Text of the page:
L. Claviceps purpea, Eng. ergot. This is a hornlike black fungus that affects rye and sometimes other grains in late summer. It most commonly appears after a cold winter, continually humid conditions and overcast weather in the spring. Perhaps the country most affected by it has been Russia but it has affected people and livestock in Spain, England and Europe in general.
Ergot contains lysergic acid, the active principle of the psychedelic drug LSD. If ground into flour with rye and made into bread, it poisons consumers.
There are two types of ergot, the convulsive and the gangrenous. In medieval times there were outbreaks of St. Anthony's Fire (gangrenous ergot) see fuego de San Antón.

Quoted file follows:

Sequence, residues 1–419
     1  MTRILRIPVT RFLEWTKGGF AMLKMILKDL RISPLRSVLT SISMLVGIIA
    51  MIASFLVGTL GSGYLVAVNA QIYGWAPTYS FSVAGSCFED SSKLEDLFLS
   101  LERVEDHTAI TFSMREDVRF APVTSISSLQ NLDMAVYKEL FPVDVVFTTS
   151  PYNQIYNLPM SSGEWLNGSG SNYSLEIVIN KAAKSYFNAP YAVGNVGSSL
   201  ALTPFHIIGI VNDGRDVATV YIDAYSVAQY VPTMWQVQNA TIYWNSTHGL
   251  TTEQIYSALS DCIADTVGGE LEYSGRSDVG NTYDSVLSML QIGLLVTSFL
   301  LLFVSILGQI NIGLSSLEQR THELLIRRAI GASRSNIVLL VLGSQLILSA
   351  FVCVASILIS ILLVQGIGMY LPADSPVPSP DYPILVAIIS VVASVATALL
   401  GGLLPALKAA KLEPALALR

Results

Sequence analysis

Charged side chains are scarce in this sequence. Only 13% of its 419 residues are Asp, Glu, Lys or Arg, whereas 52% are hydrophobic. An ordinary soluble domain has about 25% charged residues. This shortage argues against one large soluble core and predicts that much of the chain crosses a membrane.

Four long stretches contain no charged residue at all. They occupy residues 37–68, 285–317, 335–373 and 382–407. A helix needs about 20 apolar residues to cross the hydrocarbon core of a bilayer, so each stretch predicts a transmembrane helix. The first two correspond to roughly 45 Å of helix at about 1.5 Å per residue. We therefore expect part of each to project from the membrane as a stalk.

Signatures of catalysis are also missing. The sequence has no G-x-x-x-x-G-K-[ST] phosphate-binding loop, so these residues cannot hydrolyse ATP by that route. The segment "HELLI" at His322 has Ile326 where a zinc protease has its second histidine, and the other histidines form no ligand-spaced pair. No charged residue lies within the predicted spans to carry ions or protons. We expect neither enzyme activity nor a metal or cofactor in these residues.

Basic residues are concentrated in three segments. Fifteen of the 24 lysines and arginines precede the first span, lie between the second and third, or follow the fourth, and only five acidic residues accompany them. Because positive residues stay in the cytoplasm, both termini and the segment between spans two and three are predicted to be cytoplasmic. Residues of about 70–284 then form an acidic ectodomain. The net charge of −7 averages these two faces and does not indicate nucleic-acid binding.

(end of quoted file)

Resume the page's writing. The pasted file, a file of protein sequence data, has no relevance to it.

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The convulsive type affects the nervous system causing convulsive fits. Convulsive ergot was also known as “St. Vitus’s Dance.” Before medical definitions of the disease became clear in the latter part of the 19th C, medieval towns and convents were thought to be bewitched.
Like the Black Death, 2% of ergot content in bread could eliminate entire villages during the Middle Ages. Ergot began to disappear after the 1750’s with the incorporation of the potato and increased availability of wheat. Some beneficial drugs are prepared with ergot, which are used to treat migraines, to induce labor and to control urinary bleeding. See centeno and pan de centeno. [Drummond. 1964:86-87; Hartley. 2003:528-529; and Matossian. 1989:xii-xiii:9-13]